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The second night continues. Fingal relates, at the feast, his
own first expedition into Ireland, and his marriage with Roscrána, the daughter of Cormac, king of that island. The Irish chiefs convene in the presence of Cathmor. The situation of the king described. The story of Sul-malla, the daughter of Conmor, king of Inis-huna, who, in the disguise of a young warrior, had followed Cathmor to the war. The sullen behaviour of Foldath, who had commanded in the battle of the preceding day, renews the difference between him and Malthos; but Cathmor interposing, ends it. The chiefs feast, and hear the song of Fonar the bard. Cathmor returns to rest, at a distance from the army. The ghost of his brother Cairbar appears to him in a dream, and obscurely foretels the issue of the war. The soliloquy of the king. He discovers Sul-malla. Morning comes. Her soliloquy closes the book. MACPHERSON.
AN EPIC POEM.
“Beneath an oak,” said the king, “I sat on Selma's streamy rock, when Connal rose, from the sea, with the broken spear of Duth-caron. Far-distant stood the youth. He turned away his eyes. He remembered the steps of his father, on his own green hills. I darkened in my place. Dusky thoughts flew over my soul. The kings of Erin rose before me. I half-unsheathed the sword. Slowly approached the chiefs. They lifted up their silent eyes. Like a ridge of clouds, they wait for the bursting forth of my voice. My voice was, to them, a wind from heaven to roll the mist away.”
“I bade my white sails to rise, before the roar of Cona's wind. Three hundred youths looked, from their waves, on Fingal's bossy shield. High on the mast it hung, and marked the dark-blue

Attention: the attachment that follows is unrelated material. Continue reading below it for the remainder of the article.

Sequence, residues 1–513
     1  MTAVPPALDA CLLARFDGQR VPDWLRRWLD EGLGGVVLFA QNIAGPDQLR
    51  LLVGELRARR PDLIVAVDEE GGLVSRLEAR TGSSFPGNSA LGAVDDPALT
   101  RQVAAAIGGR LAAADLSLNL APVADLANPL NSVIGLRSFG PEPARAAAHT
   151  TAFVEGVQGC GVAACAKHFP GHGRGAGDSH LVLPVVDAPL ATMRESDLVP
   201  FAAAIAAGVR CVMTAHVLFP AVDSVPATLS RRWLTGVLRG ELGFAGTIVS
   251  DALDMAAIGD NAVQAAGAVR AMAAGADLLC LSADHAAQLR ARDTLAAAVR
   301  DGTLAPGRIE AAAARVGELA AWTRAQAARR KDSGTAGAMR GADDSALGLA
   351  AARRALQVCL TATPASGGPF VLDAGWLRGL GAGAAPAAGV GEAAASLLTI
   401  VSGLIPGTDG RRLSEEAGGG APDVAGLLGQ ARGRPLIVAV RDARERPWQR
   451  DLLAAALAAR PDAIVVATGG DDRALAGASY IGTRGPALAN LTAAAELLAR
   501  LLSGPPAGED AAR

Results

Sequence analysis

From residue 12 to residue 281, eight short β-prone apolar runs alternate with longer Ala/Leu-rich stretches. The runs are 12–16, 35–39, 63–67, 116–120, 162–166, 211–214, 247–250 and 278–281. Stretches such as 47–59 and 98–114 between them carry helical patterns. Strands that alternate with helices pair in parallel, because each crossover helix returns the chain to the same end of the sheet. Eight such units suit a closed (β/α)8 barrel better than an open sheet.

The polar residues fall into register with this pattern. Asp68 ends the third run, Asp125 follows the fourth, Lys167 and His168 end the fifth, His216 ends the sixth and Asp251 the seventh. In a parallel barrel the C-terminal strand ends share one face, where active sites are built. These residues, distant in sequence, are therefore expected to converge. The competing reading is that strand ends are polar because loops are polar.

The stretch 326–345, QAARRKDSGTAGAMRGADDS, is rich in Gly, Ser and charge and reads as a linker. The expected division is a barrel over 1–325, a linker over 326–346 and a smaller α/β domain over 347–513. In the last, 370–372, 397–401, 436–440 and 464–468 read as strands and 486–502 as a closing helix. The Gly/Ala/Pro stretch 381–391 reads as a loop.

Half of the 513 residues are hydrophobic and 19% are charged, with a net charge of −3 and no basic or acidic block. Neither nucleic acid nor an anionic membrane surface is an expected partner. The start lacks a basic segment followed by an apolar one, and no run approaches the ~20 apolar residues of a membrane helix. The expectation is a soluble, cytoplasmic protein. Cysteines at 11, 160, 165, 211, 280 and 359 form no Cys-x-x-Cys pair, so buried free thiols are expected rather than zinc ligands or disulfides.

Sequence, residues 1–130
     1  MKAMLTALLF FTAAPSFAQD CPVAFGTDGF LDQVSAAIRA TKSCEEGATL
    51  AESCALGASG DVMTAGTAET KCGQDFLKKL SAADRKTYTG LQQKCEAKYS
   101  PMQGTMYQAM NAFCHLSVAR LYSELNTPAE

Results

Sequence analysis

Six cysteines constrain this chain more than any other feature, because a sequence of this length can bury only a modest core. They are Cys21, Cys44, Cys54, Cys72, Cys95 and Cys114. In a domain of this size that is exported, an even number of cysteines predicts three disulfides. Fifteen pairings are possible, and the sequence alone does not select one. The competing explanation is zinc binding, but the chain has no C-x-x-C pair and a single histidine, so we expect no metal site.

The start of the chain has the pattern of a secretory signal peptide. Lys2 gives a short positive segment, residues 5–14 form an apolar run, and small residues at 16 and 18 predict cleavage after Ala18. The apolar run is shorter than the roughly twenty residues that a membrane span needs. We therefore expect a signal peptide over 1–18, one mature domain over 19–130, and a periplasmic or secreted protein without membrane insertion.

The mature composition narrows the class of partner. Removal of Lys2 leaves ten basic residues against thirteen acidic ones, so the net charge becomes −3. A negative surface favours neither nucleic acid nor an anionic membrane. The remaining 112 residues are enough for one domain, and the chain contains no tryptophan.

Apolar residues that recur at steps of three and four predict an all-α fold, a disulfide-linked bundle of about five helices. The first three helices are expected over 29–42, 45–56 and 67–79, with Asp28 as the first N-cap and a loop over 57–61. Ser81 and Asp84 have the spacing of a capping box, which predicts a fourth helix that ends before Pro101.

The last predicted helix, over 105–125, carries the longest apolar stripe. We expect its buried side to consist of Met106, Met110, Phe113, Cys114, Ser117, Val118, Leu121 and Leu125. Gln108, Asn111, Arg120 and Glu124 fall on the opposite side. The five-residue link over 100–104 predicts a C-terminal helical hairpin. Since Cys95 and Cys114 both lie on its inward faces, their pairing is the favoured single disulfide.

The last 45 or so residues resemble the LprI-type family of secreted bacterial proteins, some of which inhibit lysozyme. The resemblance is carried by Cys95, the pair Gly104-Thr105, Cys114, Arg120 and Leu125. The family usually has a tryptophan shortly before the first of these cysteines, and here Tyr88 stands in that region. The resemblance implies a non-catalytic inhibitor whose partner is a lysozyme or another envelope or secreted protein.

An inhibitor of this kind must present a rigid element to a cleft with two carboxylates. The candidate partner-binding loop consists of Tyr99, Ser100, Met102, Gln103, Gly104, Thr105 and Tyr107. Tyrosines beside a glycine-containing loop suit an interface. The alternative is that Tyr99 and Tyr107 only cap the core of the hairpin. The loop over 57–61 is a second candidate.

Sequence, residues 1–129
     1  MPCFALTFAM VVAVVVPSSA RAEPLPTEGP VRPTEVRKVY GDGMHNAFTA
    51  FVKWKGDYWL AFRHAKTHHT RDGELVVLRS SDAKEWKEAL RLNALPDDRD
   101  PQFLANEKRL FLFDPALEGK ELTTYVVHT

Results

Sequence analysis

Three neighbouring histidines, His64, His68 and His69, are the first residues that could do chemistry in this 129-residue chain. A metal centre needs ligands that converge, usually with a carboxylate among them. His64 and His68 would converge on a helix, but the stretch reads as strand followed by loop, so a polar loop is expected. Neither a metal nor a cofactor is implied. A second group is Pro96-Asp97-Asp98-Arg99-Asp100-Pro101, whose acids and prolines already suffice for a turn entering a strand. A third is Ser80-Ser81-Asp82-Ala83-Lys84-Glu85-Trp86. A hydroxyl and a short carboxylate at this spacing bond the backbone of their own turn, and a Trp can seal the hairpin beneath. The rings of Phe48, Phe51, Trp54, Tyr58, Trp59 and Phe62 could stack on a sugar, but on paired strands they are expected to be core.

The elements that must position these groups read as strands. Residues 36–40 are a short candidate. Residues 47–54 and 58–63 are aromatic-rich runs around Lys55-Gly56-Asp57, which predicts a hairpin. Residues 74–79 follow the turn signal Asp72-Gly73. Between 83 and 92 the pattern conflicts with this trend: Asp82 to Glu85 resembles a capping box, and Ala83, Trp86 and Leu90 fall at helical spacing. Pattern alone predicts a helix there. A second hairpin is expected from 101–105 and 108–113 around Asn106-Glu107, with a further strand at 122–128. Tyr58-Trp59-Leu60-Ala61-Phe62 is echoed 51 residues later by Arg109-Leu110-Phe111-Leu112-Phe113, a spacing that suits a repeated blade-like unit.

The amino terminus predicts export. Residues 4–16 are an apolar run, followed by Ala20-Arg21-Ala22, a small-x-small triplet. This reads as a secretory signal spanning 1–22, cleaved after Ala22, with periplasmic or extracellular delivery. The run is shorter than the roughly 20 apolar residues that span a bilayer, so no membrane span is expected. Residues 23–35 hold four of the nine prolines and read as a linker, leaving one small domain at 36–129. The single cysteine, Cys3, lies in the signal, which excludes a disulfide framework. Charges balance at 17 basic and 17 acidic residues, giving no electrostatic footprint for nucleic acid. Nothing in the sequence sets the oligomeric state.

But when night came down, I struck, at times, the warning boss: I struck, and looked on high, for fiery-haired Ul-erin'. Nor absent was the star of heaven. It travelled red between the clouds. I pursued the lovely beam, on the faint-gleaming deep. With morning Erin rose in mist. We came into the bay of Moi-lena, where its blue waters tumbled, in the bosom of echoing woods. Here Cormac, in his secret hall, avoids the strength of Colc-ulla. Nor he alone avoids the foe, The blue eye of Ros-crána is
Ul-erin, the guide to Ireland, a star known by that name in the days ot' Fingal, and very useful to those who sailed, by night, from the Hebrides, or Caledonia, to the coast of Ulster. We find from this passage, that navigation was considerably advanced, at this time, among the Caledonians. MACPHERSON, 1st edit.
The genuine Ossian must have understood the navigation of his own times, which he practised himself. But the translator, ignorant that, in every direction, it was necessary to steer by the bear or pole star, has created two stars, UL-ERIN and UlLOCHLIN, the guides to Erin and Lochlin (Cath-loda, ii. 9.) as if it were sufficient, in order to reach Lochlin or Ireland, to steer in pursuit of a certain star in the east or in the west.
AN EPIC POEM.
" I see
there : Ros-crána ", white-handed maid, the daughter of the king !"
Grey, on his pointless spear, came forth the aged steps of Cormac. He smiled, from his waving locks; but grief was in his soul. He saw us few before him, and his sigh arose. the arms of Trenmor,” he said ; "and these are the steps of the king! Fingal ! thou art a beam of light to Cormac's darkened soul. Early is thy fame, my son; but strong are the 'foes of Erin. They are like the roar of streams in the land, son of car-borne Comhal!” “Yet they may be rolled away,” I said, in my rising soul.
» Ros-crána, the beam of the rising sun ; she was the mother of Ossian. The Irish bards relate stranye fictions concerning this princess. Their stories, however, concerning Fingal, if they mean him by Fiun Mac-Comnal, are so inconsistent and notoriously fabulous, that they do not deserve to be mentioned ; for they evidently bear, along with them, the marks of late invention. MACPHERSON.
Finyal's wife was Grania, or Graine (converted by the translator into Ros-crána), daughter of Cormac Ult hada. She eloped with Diarmid O'Duine from her husband, who consoled himself with her sister Ailbhe, but received her again, after she had borne three sons to her paramour. These are the strange fictions related by the Irish bards concerning this princess, and so inconsistent with the sentimental purity of manners in Ossian. Toland, 95. Ogygia, 338. Keating, 267.